What can we say about a beautiful, colorful, nutrient-filled dish that takes after its namesake (well, at least the beautiful, colorful parts)? This salad starts with a coleslaw base, but you can add everything you like and can only make it better! It’s so flavorful, you don’t need any fancy spices. When you see the bright colors and taste the sweet-sour dressing, you’ll be bowled over by Boulder Slaw!
Start with a coleslaw base:
shredded green and red cabbage and shredded carrots (you can use a prepared coleslaw pack, if you like)
Lots more shredded or matchstick-cut carrots
Broccoli florets, blanched 30 seconds and cut very small
Red and green bell peppers, diced
Red or sweet yellow onion, diced
½ cup fresh Italian parsley, chopped fine
Also, you could try one or two of these ingredients:
Finely chopped apples
Dried cranberries or raisins
Pineapple pieces or crushed pineapple, drained
Finely chopped mushrooms
½ cup sugar
½ cup white vinegar
¼ cup water
¼ cup vegetable oil
1 tsp. salt
Dash of black pepper
Dash of red (cayenne) pepper
1 tsp. celery seed
This soup tastes creamy (without the cream).
2 Tbs. olive oil
1 small onion, chopped
4 cups vegetable broth
1/2 cup uncooked long-grain white rice
4 cups broccoli florets
1 cup soymilk or coconut milk
1 tsp. dried basil
Pinch Hungarian paprika
Salt and pepper to taste
1. Heat oil over medium heat in a large stewpot. Sauté onion for 2-3 minutes. Add the vegetable broth and rice. Reduce heat to low; cover and cook until rice is tender (about 20 minutes).
2. While the rice cooks, steam the broccoli florets until they’re tender (but not mushy).
3. Allow the rice mixture to cool a bit, and then ladle into a blender or the bowl of a food processor. Process the rice mixture with the broccoli florets. Return the soup to the stewpot and stir in milk and spices. Heat through and serve. Serves 4.
Sue tried to come up with a recipe that would dress up plain old ordinary rice. She succeeded with this blend of exotic spices. You’ll love the yellow color from the turmeric.
3 Tbs. olive oil
1/2 onion, chopped fine
1 cup rice
1 15-oz. can vegetable broth
1 cup water
1 cup broccoli florets
1 can diced tomatoes, undrained
1/2 tsp. turmeric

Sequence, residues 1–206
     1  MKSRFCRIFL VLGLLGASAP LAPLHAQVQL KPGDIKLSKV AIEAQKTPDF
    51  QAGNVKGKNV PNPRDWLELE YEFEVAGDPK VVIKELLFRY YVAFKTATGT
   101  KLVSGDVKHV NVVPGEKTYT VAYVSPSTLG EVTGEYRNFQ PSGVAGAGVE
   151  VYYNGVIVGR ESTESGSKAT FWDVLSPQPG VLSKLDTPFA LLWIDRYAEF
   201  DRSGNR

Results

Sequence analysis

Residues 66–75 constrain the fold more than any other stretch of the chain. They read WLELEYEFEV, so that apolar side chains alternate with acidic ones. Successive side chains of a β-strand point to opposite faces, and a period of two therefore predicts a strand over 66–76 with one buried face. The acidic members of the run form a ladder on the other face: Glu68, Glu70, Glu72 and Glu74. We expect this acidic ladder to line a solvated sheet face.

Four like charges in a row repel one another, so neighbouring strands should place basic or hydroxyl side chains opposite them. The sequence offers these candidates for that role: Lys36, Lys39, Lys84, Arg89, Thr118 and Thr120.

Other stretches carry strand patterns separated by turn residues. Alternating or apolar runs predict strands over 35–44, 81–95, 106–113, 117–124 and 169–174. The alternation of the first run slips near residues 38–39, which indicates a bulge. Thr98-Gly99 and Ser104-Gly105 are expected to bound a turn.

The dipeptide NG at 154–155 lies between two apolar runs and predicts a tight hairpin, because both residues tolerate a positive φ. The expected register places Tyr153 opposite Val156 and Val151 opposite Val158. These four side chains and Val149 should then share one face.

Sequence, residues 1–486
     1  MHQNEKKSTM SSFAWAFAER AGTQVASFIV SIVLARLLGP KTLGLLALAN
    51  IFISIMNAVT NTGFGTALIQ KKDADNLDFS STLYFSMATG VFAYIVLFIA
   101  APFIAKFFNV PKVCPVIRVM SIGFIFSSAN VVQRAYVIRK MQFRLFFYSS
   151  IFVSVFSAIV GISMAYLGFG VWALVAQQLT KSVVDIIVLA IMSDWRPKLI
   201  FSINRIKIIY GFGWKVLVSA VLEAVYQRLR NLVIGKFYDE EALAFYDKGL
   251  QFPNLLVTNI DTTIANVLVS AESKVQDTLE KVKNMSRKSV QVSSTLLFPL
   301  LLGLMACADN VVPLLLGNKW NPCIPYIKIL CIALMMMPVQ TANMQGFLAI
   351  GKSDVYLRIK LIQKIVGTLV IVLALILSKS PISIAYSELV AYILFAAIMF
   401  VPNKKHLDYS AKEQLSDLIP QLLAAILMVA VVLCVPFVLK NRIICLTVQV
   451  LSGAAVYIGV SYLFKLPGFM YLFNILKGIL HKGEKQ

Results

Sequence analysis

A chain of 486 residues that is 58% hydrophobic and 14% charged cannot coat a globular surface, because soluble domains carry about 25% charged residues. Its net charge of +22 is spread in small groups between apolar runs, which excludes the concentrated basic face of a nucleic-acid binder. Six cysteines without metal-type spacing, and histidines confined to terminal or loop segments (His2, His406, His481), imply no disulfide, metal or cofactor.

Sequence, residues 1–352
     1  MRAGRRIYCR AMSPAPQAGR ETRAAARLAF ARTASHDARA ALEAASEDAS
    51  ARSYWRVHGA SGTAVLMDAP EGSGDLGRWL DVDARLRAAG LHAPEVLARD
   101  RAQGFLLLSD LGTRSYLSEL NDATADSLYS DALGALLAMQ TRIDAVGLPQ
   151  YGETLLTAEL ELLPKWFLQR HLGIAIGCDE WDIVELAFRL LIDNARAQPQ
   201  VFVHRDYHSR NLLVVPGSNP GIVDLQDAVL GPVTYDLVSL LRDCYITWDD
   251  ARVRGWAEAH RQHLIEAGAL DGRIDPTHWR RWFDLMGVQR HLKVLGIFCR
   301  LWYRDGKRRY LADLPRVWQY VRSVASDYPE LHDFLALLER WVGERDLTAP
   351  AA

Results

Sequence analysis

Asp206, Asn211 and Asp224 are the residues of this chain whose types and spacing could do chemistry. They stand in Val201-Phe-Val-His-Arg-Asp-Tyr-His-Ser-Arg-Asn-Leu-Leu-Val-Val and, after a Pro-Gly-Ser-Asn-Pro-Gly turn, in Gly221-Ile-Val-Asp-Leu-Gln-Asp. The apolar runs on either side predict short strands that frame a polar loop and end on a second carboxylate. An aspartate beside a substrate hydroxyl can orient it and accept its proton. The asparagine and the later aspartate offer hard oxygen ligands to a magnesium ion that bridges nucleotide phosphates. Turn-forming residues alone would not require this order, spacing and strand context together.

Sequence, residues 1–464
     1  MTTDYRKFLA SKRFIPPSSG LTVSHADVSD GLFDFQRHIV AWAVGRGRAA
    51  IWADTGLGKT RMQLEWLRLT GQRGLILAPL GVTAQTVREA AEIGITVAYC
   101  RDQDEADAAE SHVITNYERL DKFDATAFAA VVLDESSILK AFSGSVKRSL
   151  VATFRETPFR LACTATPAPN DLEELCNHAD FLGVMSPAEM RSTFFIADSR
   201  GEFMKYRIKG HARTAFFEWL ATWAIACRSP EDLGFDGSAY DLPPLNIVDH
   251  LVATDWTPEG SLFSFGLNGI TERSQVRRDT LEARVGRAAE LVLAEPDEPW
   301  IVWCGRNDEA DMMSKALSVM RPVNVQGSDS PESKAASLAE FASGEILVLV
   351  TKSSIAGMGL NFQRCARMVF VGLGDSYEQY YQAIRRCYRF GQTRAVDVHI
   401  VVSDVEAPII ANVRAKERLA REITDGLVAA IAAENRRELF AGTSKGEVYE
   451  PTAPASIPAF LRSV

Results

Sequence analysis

1/2 tsp. ground coriander
1/2 tsp. ground cumin
1/2 tsp. ground cardamom
1/8 tsp. cloves
1/2 tsp. salt
1/4 tsp. black pepper
Heat oil in a large saucepan and cook onion until slightly browned. Add rice and stir for a few minutes. Add remaining ingredients, stir, reduce heat to simmer, and cook for 30 minutes. Let stand for a few minutes before serving.
Here’s a simple side dish with an Asian twist.
2 Tbs. soy sauce
2 Tbs. rice vinegar
2 Tbs. sesame oil
2 Tbs. agave nectar
salt and pepper to taste
2 bunches broccoli, trimmed and cut into small florets
1/4 cup sesame seeds
1. In a large bowl, whisk together soy sauce, rice vinegar, sesame oil, agave nectar, and salt and pepper; set aside. Steam broccoli florets until just tender; set aside to cool. In a large skillet, toast sesame seeds.
2. Add broccoli florets to bowl with dressing; stir to combine. Let sit at room temperature until ready to serve (up to 2 hours). Sprinkle with toasted sesame seeds right before serving.
This soup began as plain ol’ potato soup. It changed along the way, thanks in part to the Herbs de Provence spice blend brought back by a friend from a trip to France.
7-8 medium potatoes, peeled and chopped
8 carrots, peeled and chopped
1 medium yellow onion, chopped
6 cups vegetable broth
1 cup broccoli florets
1 can creamed corn
1 lb. chard, washed and chopped
1 tsp. Herbs de Provence spice blend
2 tsp. salt
Peel and chop potatoes, carrots, and onion and place in large soup pot. Add vegetable broth, and cook on medium heat for 30 minutes or until potatoes and carrots are tender. Add broccoli and creamed corn, lower heat, and simmer another 10 minutes. Add chard, spices, and salt. Simmer another 10 to 15 minutes. Add additional water or broth if desired.
Serve with a loaf of crusty French bread, sliced diagonally into large chunks, and pretend you’re having dinner on the south coast of France.